Jim Cramer did one of his “I’m going to teach you ‘homegamers’ how to trade the same as I did when I was in my multi-million dollar hedge fund years ago” shows.  The point at which I was surfing through the show was when he was answering a viewer’s question about when to sell a winning position?  His answer was that if the viewer didn’t want to act like a novice trader, he needed to “trade around your core positions”.  But what does that mean?

According to the show’s transcript, the concept involves:

  • start by picking a stock about which investor has an opinion. They should believe the stock could go higher over the long term. It should be a great underlying company with a stock that could get tossed around by market volatility, but nevertheless has potential to push higher in the long haul.
  • Each time the stock jumps 3 percent, the investor sells 16% to make some profits and continue selling shares as the stock advanced until the position was reduced by 50%.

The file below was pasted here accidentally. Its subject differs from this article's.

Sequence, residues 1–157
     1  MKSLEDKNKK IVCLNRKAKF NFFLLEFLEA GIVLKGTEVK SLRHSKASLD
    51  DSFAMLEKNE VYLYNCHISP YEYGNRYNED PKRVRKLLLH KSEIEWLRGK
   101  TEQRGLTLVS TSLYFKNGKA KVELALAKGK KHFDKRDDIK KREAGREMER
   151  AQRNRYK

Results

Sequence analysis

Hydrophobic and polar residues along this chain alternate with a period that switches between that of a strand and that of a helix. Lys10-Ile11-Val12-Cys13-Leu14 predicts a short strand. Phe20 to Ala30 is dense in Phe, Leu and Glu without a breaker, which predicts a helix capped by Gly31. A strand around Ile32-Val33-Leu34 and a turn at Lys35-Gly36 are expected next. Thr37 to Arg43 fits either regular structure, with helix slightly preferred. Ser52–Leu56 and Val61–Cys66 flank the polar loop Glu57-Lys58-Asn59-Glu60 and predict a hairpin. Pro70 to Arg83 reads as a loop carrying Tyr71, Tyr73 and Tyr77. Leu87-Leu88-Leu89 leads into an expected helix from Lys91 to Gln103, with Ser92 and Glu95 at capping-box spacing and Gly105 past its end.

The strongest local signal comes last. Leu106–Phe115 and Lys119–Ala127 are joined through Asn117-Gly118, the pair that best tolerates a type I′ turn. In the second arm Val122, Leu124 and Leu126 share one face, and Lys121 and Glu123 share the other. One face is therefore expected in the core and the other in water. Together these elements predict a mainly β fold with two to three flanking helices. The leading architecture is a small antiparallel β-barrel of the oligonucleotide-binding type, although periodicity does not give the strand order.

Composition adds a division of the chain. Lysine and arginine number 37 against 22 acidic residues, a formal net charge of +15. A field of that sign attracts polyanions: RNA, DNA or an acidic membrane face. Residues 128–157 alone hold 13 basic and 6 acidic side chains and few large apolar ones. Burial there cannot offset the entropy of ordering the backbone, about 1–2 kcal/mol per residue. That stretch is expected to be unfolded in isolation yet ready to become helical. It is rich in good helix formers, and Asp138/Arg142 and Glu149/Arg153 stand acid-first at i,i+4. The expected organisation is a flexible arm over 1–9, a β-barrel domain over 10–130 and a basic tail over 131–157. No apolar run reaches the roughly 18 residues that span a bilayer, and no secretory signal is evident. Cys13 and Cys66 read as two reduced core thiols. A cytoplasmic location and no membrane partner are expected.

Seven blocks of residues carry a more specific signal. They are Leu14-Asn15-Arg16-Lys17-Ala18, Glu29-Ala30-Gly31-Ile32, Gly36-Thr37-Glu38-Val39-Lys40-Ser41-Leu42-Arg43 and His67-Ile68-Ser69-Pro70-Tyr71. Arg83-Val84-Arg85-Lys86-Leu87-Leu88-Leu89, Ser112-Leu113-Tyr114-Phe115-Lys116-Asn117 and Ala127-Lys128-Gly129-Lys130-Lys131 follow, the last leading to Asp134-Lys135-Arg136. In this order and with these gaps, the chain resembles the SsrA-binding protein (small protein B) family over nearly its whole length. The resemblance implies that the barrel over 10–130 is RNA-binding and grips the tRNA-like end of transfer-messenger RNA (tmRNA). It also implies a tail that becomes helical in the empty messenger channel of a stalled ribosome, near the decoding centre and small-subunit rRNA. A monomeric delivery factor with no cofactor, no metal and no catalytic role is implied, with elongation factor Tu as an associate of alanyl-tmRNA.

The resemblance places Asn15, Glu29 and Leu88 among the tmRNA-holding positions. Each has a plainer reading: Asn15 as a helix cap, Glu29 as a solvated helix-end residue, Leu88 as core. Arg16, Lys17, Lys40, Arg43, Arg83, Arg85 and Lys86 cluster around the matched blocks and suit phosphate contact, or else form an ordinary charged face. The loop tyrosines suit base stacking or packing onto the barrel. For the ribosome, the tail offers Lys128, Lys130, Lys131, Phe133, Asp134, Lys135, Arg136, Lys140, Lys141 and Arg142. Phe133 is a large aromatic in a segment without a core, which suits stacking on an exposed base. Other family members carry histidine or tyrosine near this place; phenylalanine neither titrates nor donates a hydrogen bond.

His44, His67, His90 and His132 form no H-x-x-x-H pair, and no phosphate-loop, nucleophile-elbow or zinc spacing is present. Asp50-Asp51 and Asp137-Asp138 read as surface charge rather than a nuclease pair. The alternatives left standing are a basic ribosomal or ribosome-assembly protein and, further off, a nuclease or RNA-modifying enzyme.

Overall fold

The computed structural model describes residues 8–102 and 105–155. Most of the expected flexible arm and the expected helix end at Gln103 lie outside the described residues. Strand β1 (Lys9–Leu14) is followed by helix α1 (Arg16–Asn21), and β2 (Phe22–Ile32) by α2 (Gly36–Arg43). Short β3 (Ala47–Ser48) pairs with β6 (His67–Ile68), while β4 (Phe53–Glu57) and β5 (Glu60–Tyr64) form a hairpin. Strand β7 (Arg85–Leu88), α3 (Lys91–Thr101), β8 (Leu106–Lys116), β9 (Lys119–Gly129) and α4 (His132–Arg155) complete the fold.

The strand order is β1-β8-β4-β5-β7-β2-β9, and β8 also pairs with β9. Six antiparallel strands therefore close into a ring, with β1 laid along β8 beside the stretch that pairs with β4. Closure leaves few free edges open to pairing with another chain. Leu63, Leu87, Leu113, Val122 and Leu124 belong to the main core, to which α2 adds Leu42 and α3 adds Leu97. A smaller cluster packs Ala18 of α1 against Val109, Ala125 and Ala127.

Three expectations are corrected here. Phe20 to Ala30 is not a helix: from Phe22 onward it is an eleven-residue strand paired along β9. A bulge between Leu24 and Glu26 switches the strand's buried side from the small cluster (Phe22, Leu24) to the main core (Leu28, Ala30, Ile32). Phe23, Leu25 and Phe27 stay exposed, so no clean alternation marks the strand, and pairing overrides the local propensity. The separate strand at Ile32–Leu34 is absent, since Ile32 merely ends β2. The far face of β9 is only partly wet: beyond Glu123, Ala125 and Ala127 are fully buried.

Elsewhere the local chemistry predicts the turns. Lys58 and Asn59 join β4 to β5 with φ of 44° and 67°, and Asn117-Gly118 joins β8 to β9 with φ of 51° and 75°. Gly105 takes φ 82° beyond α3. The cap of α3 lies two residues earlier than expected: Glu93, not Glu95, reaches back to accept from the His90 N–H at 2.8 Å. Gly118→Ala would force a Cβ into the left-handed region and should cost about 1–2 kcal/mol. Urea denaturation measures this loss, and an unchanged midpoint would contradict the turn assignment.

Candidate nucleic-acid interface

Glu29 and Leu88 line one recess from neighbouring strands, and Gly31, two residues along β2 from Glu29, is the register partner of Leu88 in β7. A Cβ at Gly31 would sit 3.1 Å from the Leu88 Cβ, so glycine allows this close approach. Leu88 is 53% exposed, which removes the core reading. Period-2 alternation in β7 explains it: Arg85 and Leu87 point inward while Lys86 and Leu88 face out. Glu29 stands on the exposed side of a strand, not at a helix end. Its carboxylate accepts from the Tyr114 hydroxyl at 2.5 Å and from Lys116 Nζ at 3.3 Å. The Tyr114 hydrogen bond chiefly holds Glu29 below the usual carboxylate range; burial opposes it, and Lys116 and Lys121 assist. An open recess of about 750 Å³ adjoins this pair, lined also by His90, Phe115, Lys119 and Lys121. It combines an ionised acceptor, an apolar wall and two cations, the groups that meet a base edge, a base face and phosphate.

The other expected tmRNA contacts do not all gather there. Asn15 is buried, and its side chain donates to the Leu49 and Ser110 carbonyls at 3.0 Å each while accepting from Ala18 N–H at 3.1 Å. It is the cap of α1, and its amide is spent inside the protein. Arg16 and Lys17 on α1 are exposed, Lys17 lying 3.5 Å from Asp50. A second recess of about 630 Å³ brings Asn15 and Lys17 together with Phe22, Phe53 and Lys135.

• At that point, the investor would wait for the stock to be knocked down, so they can buy more shares.  When the stock declines 6%, the investor would buy back 16% and continue buying in increments until the original position was repurchased.

According to Cramer, “A lot of people think that trading is incredibly exciting and it can be, but if you’re good at trading around a core position, you should be pretty bored because all you’re doing is watching the stock move and trimming or adding to your position accordingly.”  It sounds simple enough but, I’m sorry, the market isn’t that accommodating and unless your portfolio has less than a handful of stocks to follow it sounds like just to much trading.

Rather than watching the daily trading patterns of individual stocks, I like to “trade around a core position” where the core position is my total portfolio and the trading is making essential a single investment decision: “How much should be invested and how much cash should remain at the present time.”  What I’ve found is that investing is essentially a risk and cash management strategy.  There are times when you should be fully invested (or more so when using margin) and other times when you need to be 100% in cash.